Figure 2. PQQ redox reaction
Footnote: PQQH2 = pyrroloquinolinequinol (4,5-dihydroxy-1H-pyrrolo[2,3-f]quinoline-2,7,9-tricarboxylic acid)[Source 24) ]
PQQ health benefits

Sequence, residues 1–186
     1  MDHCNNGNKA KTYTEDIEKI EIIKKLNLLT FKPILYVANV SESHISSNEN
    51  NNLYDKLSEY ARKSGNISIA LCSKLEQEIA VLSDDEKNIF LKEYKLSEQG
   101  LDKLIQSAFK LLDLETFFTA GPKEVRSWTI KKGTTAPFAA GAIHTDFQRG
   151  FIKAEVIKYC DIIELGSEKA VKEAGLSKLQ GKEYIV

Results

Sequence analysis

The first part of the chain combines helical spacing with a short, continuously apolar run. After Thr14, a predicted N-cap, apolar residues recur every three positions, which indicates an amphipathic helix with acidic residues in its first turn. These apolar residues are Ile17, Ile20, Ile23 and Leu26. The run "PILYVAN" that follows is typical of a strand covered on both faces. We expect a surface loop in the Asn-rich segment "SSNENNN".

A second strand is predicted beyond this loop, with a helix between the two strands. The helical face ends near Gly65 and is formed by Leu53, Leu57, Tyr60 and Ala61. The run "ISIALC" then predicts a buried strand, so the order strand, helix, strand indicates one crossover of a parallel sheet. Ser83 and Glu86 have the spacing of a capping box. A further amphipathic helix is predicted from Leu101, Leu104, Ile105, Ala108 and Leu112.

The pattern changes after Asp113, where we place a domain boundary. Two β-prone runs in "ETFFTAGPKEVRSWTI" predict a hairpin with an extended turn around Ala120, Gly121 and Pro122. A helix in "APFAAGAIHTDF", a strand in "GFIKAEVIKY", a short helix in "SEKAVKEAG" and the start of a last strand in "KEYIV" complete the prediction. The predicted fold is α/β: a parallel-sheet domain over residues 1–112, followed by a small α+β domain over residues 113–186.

PQQ is a multifunctional bio-agent exerting anti-inflammatory 25), growth-promoting 26), anti-oxidative 27), anti-cancer and anti-aging effects 28). PQQ has been shown to affect a wide range of genes, especially those involved in mitochondria-related functions. Importantly, due to redox activity, PQQ can oxidize reduced nicotinamide adenine dinucleotide (NADH) to generate NAD+ and enhance the NAD+ dependent metabolic response in cells 29). Most of the established PQQ effects have been associated with the stimulation of peroxisome proliferator activated receptor gamma co-activator 1α (PGC-1α) through the phosphorylation of cyclic AMP response element binding protein (CREB) at serine 133 30). Transcriptional regulation of PGC-1α target genes involves the co-activation of transcription factor-mediated gene expression as well as modulation of alternative splicing of the nascent transcript 31). The regulatory effects of PGC-1α in the pathogenesis of insulin resistance and type 2 diabetes have been manifested in different animal models, and associated with the modulation of multiple genes controlling lipolysis and lipogenesis 32). Likewise, PQQ supplementation increased metabolic flexibility in obese mice offspring, simultaneously shifting liver lipid composition towards increased TAG content with a decline in the lipotoxic pools, i.e., CER and sphingomyelin 33).